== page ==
Discipline: Technology and Engineering
Subcategory: Materials Science
Frances Kwok - Pennsylvania State University
Co-Author(s): Timothy N. Walter and Suzanne E. Mohney, Pennsylvania State University, University Park, PA
The unique electronic properties of molybdenum disulfide (MoS2), a member of layered transition metal dichalcogenides (TMDs), make it desirable for nanoelectronics, especially because monolayer MoS2 is flexible up to 11% without fracture.1 Flexible devices are less prone to shattering than current rigid ones. It is also earth-abundant in the form of the bulk material, molybdenite. Current commercial transistors use semiconductors like silicon, germanium, and gallium arsenide2, but layered TMDs offer unique advantages because of their properties change based on the number of layers3. Oxidation at elevated temperatures (250 °C-400 °C) is explored as an alternative method of etching the surfaces and edges of layered MoS2. Etching with oxygen gas may compete with plasma or wet etchants in device processing because of its availability as an abundant element and convenience in setting up this process. The goal is to determine effective etching conditions for MoS2 using oxygen gas. These findings can then be applied to other layered TMDs.
MoS2 flakes are mechanically exfoliated onto silicon dioxide on silicon (SiO2/Si) substrates and vary in thickness based on the number of layers. Samples are treated under different annealing conditions by varying the temperature, time, and oxidizing agent. Control samples are annealed in inert environments. To observe oxidation effects, samples are imaged via optical microscopy, field-emission scanning electron microscopy, and atomic force microscopy before and after each treatment. Auger electron spectroscopy and Raman spectroscopy determine the composition of the oxidized samples. High temperature oxidation results in layer and edge oxidation as well as triangular oxide islands or pits depending on the condition applied.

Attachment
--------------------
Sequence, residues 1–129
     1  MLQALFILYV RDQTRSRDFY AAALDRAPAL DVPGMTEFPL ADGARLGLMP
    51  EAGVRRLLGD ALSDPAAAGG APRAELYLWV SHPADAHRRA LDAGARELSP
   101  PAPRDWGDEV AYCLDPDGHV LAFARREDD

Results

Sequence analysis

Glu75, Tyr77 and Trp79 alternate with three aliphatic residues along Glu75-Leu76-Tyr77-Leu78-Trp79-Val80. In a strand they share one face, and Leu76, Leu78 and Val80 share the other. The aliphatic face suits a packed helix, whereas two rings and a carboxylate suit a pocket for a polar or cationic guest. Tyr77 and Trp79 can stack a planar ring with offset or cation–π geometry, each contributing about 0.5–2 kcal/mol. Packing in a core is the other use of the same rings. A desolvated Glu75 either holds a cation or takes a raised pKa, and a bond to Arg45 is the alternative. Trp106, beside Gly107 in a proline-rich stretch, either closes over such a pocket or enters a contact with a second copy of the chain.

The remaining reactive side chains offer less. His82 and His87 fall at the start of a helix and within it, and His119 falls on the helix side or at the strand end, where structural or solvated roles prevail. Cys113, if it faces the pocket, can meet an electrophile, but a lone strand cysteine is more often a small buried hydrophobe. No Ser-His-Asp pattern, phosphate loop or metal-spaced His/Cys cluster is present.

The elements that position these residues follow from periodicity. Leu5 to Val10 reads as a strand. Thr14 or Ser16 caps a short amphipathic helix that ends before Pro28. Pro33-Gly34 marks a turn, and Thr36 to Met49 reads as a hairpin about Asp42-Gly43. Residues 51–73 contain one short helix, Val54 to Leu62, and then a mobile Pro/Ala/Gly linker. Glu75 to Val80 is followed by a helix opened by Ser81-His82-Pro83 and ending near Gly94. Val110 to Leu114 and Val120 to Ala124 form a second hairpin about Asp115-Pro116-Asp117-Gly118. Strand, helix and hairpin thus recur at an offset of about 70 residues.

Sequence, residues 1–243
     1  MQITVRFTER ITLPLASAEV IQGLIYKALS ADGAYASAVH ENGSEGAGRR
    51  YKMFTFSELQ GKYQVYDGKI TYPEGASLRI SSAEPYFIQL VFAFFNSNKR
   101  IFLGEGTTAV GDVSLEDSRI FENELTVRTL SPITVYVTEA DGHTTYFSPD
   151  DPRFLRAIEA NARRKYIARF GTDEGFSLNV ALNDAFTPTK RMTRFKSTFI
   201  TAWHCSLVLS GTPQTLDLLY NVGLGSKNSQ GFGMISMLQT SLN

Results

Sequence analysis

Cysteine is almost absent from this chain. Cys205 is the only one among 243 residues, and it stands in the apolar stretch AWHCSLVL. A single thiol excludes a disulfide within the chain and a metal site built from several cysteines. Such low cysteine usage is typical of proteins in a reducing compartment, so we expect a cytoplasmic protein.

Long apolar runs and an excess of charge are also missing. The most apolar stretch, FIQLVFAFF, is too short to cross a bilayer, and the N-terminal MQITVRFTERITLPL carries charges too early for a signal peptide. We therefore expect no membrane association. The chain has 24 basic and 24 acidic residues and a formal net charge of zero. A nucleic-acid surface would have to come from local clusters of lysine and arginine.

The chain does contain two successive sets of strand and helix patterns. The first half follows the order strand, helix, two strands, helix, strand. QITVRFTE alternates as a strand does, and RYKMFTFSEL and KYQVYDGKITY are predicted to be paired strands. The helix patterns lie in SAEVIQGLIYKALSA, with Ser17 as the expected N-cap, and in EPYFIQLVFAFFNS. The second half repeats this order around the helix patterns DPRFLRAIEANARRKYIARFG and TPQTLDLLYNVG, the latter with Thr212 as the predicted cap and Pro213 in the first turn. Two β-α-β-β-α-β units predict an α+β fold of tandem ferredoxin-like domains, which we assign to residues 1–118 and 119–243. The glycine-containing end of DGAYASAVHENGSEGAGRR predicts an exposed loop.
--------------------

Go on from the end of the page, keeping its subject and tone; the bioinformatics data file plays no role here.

Findings show that anisotropic etching of edges and of layers occurs in environments where water is present. This project will continue with control of the environments that the samples are treated in, such as manipulating gas ratios, in order to optimize the effectiveness of etching by oxidation. From there, the control of the etch rate can be used in device processing.
1. S. Bertolazzi, J. Brivio, A. Kis, ACS Nano, 2011, 5, 9703-9709.
2. A.C. Ferrari et al., Nanoscale, 2015, 7, 4598-4810.
3. R. Ganatra and Q. Zhang, ACS Nano, 2014, 8, 4074-4099.
Funder Acknowledgement(s): Penn State’s EFRI 2-DARE: 2D Crystals Formed by Activated Atomic Layer Deposition REM is sponsored by the National Science Foundation (EFMA 1433378).
Faculty Advisor: Suzanne E. Mohney,